§ Sir J. Newport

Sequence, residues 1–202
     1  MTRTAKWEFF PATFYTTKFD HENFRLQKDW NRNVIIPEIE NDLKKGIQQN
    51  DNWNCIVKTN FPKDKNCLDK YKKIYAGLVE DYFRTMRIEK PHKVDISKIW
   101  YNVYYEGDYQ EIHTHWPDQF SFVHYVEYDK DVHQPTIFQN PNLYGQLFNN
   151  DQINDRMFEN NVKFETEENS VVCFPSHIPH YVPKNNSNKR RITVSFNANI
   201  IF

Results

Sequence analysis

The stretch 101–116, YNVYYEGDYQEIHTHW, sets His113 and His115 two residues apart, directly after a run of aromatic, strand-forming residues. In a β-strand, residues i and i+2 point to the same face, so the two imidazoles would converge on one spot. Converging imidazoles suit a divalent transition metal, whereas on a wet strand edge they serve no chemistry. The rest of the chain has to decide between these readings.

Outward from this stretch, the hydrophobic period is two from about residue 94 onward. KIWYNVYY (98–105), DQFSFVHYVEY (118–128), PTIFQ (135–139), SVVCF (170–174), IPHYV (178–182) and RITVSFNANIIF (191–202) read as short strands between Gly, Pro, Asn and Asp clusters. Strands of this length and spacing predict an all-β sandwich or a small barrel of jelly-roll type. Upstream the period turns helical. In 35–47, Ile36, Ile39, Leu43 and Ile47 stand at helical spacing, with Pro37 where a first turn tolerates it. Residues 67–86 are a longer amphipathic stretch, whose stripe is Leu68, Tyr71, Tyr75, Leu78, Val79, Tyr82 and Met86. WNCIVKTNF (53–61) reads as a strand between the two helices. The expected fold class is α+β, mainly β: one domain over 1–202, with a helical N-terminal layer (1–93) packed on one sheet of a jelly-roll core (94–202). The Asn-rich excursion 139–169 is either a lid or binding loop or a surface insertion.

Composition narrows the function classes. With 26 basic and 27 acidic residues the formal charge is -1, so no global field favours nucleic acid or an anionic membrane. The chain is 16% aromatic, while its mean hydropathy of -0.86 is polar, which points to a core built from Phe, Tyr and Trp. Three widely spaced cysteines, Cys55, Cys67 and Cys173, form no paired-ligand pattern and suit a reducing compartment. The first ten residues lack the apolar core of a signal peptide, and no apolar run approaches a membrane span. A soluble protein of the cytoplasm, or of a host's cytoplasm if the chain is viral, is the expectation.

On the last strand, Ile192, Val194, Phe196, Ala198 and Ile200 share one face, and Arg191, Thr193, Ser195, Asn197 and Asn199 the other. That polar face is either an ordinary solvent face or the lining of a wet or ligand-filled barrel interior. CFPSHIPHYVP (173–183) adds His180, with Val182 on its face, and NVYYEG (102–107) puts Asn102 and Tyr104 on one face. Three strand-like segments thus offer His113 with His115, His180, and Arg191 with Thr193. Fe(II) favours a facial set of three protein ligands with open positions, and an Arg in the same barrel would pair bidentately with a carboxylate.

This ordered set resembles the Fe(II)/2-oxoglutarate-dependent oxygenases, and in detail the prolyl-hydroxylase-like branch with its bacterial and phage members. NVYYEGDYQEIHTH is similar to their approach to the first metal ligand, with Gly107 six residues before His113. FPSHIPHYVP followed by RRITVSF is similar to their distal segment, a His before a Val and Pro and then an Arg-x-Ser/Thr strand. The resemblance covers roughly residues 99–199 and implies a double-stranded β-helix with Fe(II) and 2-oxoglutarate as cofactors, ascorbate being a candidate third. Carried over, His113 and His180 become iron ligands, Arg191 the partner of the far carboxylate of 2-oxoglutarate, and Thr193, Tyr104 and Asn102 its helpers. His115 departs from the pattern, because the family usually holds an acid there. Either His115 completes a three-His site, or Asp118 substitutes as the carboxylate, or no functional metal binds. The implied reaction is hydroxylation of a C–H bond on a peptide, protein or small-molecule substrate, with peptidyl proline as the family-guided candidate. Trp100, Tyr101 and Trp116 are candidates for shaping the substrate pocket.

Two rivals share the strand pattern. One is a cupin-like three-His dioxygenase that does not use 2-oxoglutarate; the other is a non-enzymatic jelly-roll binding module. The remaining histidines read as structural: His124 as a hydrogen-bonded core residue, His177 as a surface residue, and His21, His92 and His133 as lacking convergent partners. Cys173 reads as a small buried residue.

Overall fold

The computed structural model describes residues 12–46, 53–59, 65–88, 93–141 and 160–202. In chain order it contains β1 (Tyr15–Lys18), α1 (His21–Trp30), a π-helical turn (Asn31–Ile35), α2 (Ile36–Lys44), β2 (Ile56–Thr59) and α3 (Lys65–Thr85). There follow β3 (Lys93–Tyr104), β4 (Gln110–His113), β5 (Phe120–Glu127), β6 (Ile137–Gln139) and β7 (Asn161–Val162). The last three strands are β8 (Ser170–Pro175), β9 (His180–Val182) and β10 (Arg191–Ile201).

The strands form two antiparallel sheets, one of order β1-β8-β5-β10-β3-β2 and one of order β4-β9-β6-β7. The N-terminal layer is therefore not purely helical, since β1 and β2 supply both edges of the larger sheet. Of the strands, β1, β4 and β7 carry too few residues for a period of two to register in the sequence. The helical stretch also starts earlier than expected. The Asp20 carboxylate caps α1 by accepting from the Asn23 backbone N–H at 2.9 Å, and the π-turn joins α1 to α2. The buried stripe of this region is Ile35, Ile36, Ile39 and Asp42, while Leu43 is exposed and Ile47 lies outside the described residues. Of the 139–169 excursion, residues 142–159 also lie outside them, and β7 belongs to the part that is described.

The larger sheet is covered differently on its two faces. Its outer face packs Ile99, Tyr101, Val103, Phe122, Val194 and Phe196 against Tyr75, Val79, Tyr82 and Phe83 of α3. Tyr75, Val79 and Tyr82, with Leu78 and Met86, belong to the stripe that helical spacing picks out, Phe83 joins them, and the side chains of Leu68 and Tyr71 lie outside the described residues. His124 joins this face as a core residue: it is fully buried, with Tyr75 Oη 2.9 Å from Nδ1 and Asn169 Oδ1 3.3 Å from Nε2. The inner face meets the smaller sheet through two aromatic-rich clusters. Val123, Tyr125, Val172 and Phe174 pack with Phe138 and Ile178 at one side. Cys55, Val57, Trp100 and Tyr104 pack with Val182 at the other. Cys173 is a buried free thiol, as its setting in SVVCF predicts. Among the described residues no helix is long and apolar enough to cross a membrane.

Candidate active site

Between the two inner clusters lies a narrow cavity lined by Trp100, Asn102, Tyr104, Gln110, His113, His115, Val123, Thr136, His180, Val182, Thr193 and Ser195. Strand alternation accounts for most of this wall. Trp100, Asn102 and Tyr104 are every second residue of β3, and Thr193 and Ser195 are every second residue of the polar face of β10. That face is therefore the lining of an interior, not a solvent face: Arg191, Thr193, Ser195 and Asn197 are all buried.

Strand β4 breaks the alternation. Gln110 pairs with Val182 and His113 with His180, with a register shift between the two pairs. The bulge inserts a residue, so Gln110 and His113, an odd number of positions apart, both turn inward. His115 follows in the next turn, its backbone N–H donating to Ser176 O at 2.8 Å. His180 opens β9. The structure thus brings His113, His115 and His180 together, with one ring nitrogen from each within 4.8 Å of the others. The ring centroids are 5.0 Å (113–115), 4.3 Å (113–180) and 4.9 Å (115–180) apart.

said, that his hon. and learned friend, the member for Winchelsea, had received a letter from Dr. Doyle, which, in justice to that rev. gentleman, whose feelings had been wounded by something which had passed in the House, he would take the liberty of reading. The right hon. baronet then read the letter, in which the writer complained, that it had been attributed to him that the opinions expressed in the writings published under the signature of J. K. L., and those delivered in his evidence before the parliamentary committee, were inconsistent with each other. He denied that 590 the opinions contained in his writing could—unless they were distorted from their true and original meaning—be proved to be inconsistent with his evidence. He also declared that, in all the writings which he had published during the course of six years, he had ever expressed a most respectful opinion of the constitution, creed, and liturgy of the established church, although most of those writings were answers to unmerited attacks on his own religion and church.